People may (or may not) want to be sociologists, they may or may not be accepted to graduate schools, thrive there (with good mentoring or bad), freely choose specializations, complete PhDs, publish, get jobs, rise to positions of leadership, and so on.  As in workplaces, gender segregation in academic sociology represents the cumulative intentions and actions of people in different institutional settings and social locations. It’s also the outcome of gender politics and power struggles. So, very interesting!

A report from the research folks at the American Sociological Association (ASA) got me thinking about this in 2011. The conversation revived the other day when someone asked ASA Vice President Elect Barbara Risman (a friend and colleague of mine), “What do you make of the fact that increasingly the majority of ASA election candidates tend to be women?” As we’ll see, the premise may be wrong, but the gender dynamics of ASA are interesting anyway.

#1: ASA leadership

The last four people elected president of ASA have been women (Ruth Milkman, Paula England, Annette Lareau, and Cecilia Ridgeway), and the the next winner will be either Michele Lamont or Min Zhou, both women. That’s an unprecedented run for women, and the greatest stretch of gender domination since the early 1990s, when men won six times in row. Here is the trend, by decade, starting with the decades before a woman president, 1906 through the 1940s:

sociology segregation.xlsx

Clearly, women have surpassed parity at the top echelons of the association’s academic leadership. ASA elections are a complicated affair, with candidates nominated by a committee at something like two per position. For president, there are two candidates. In the last nine presidential elections, six have featured a man running against a woman, and the women won four of those contests. So women are more than half the candidates, and they’ve been more likely to win against men. That pattern is general across elected offices since 2007 (as far back as I looked): more than half the candidates are women, but even more women win (most elections have about 36 candidates for various positions):

sociology segregation.xlsx

The nominating committees pick (or convince) more women than men to run, and then the electorate favors the women candidates, for reasons we can’t tell from these data.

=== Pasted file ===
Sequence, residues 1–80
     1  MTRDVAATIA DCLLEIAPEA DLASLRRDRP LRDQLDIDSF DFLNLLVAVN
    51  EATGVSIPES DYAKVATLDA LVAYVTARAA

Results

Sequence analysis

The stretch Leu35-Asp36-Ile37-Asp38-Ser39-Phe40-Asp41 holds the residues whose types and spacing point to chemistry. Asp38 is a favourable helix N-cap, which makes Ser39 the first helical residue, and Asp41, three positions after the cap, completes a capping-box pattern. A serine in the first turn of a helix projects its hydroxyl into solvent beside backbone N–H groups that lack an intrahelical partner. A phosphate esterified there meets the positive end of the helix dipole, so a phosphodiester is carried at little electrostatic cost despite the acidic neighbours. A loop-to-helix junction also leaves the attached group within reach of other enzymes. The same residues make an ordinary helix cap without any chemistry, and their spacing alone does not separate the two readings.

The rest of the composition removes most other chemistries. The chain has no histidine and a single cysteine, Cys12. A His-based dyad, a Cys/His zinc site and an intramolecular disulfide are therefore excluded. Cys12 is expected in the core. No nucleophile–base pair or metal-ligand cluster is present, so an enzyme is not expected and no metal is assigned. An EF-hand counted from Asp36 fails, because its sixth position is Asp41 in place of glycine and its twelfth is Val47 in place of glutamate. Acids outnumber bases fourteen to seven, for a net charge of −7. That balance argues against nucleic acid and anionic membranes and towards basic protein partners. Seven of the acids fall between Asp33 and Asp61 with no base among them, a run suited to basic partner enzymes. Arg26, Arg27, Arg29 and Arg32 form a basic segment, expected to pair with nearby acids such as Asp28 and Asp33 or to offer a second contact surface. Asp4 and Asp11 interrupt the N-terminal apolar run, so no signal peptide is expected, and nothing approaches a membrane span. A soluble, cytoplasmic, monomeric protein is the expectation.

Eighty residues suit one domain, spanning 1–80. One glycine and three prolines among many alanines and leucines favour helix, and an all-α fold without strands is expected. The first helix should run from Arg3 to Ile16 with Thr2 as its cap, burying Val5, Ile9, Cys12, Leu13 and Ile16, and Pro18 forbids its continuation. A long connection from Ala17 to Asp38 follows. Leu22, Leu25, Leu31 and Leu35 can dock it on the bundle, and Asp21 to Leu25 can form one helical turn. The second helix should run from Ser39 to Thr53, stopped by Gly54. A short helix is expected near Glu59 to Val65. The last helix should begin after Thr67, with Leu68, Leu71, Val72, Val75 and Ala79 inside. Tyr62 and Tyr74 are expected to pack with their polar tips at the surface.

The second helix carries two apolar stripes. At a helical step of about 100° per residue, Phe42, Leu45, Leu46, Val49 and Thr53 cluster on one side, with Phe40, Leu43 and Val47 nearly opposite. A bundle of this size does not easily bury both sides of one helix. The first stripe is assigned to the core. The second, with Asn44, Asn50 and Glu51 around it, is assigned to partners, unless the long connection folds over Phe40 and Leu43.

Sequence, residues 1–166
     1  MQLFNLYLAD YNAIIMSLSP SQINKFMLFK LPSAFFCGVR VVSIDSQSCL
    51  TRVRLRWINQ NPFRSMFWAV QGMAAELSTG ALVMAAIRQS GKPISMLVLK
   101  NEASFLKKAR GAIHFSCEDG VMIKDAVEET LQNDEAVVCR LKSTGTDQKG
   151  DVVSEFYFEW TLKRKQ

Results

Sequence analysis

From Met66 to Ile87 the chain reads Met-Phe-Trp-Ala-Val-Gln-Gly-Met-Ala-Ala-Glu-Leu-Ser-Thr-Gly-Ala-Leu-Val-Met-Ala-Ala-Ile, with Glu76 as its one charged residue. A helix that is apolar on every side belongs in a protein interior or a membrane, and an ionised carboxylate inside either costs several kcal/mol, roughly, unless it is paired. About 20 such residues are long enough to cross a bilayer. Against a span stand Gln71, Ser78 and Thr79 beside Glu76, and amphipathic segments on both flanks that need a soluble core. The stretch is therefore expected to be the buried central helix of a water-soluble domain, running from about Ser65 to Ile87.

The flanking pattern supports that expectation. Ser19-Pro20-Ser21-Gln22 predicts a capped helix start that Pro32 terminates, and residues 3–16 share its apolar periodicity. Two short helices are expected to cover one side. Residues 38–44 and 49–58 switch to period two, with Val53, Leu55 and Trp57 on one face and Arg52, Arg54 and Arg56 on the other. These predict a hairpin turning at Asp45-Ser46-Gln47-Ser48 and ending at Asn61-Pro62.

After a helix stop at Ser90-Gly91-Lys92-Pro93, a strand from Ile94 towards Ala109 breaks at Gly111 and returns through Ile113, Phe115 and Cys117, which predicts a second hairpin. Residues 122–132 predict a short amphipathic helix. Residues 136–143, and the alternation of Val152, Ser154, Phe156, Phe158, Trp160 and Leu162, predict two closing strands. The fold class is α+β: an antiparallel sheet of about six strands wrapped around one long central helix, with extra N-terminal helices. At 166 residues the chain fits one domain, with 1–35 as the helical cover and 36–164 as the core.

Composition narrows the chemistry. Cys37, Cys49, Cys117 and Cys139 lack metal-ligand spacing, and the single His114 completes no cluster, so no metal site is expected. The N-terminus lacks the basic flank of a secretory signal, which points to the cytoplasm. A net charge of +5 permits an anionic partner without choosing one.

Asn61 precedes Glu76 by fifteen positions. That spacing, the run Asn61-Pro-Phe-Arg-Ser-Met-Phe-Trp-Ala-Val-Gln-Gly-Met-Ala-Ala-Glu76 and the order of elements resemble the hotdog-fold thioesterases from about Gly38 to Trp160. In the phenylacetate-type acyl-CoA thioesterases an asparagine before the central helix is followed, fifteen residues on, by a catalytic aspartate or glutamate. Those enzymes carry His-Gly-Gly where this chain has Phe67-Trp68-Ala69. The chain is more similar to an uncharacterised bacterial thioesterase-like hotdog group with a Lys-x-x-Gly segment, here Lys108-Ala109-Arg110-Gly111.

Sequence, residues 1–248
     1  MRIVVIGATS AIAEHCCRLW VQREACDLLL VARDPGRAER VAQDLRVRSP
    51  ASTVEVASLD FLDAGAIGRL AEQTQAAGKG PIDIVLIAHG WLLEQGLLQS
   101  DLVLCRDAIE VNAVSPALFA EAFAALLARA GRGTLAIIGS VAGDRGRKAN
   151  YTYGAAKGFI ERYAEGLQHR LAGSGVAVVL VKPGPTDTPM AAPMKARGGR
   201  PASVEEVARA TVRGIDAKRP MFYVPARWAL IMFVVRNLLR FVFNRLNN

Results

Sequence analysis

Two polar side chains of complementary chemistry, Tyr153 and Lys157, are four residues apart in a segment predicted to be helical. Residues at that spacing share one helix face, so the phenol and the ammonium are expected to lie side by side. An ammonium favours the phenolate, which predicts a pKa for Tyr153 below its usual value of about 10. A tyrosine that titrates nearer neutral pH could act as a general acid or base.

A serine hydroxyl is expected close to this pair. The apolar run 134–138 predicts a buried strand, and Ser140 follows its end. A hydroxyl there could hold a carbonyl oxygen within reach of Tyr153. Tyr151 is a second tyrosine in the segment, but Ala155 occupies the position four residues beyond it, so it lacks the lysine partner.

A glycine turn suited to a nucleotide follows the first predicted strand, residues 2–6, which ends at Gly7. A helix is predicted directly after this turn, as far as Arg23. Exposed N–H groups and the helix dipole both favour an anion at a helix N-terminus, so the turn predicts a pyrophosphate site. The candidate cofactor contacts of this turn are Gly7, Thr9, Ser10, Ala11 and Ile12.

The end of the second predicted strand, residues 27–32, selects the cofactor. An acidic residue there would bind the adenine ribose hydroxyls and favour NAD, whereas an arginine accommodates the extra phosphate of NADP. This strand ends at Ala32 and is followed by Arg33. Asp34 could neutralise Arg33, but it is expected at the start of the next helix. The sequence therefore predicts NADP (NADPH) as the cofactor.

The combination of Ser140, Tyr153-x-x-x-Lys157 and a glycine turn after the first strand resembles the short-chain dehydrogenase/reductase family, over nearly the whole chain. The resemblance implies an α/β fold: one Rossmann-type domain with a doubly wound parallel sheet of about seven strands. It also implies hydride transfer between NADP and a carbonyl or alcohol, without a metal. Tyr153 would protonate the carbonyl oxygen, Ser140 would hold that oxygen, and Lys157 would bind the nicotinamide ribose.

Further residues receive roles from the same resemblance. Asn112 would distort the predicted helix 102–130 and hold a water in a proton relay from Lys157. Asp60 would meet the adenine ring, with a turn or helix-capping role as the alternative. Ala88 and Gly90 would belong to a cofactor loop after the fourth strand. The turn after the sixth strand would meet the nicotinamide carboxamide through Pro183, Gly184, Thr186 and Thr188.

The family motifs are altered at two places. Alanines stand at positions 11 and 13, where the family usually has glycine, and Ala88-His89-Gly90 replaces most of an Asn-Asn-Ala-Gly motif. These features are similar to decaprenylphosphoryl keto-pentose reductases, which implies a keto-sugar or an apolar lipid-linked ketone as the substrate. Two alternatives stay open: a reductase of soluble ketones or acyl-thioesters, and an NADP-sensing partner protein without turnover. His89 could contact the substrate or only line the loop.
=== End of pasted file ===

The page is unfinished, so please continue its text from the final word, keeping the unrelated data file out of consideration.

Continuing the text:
These elections are run in an association that became majority female in its membership only in 2005, reaching only 53% female in 2010. That trend is likely to continue as older members retire and the PhD pool continues to shift toward women.

#2: Phds

Since the mid-1990s, according to data from the National Science Foundation, women have outnumbered men as new sociology PhDs, and we are now approaching two-thirds female. (The data I used in the old post showed a drop in women after 2007, but with the update, which now comes from here, that’s gone.)

sociology segregation.xlsx

Producing mostly-female PhDs for a quarter of a century is getting to be long enough to start achieving a critical mass of women at the top of the discipline.

#3: Specialization

These numbers haven’t been updated by ASA since 2010. The pattern of section belonging at that time showed a marked level of gender segregation. On a scale of 1 to 100, I calculate the sections are segregated at a level of .25.

sociology segregation.xlsx

#4: Editors and editorial boards

Finally, prestigious academic journals have one or more editors, often some associate editors, and then an editorial board. In sociology, this is mostly the people who are called upon to review articles more often. Because journal publication is a key hurdle for jobs and promotions, these sociologists serve as gatekeepers for the discipline. In return they get some prestige, the occasional reception, and they might be on the way to being an editor themselves someday.

Journal leadership is dragging behind the trends in PhDs, ASA members, and ASA leadership. I selected the top 20 journals in the Sociology category from the Journal Citation Reports (excluding a few misplaced titles), plus Social Problems and Social Forces, because these are considered to be leading journals despite low impact factors. The editors of these journals are 41% female (or 40% if you use journals as the unit of analysis instead of editors). Here is the list in two parts — general journals and specialty journals — with each sorted by impact factor. For multiple editors I either list the gender if they’re all the same, or show the breakdown if they differ:

Book12

It looks like the gender gap is partly attributable to the difference between journals run by associations and those run as department fiefdoms or by for-profit publishers.

For editorial boards, I didn’t do a systematic review, but I looked at the two leading research journals — American Sociological Review and American Journal of Sociology, as well as two prestigious specialized journals — Sociological Methods and Research, and Gender and Society (which is run by its own association,Sociologists for Women in Society, whose membership includes both women and men). Here’s the update to my 2011 numbers:

sociology segregation.xlsx

I removed a couple board members I know to have died in the last year, so these lists might not be that up to date.

Note on the journals that SMR and AJS are fiefdoms with no accountability to anyone outside their cliques, so it’s not surprising they are decades behind. ASR and G&S, on the other hand, are run by associations with majority-female memberships and hierarchies, in the case of G&S with a feminist mission. (ASA demands reports on gender and race/ethnicity composition from its editors.) AJS has no excuse and should suffer opprobrium for this. SMR might argue they can’t recruit women for this job (but someone should ask them to at least make this case).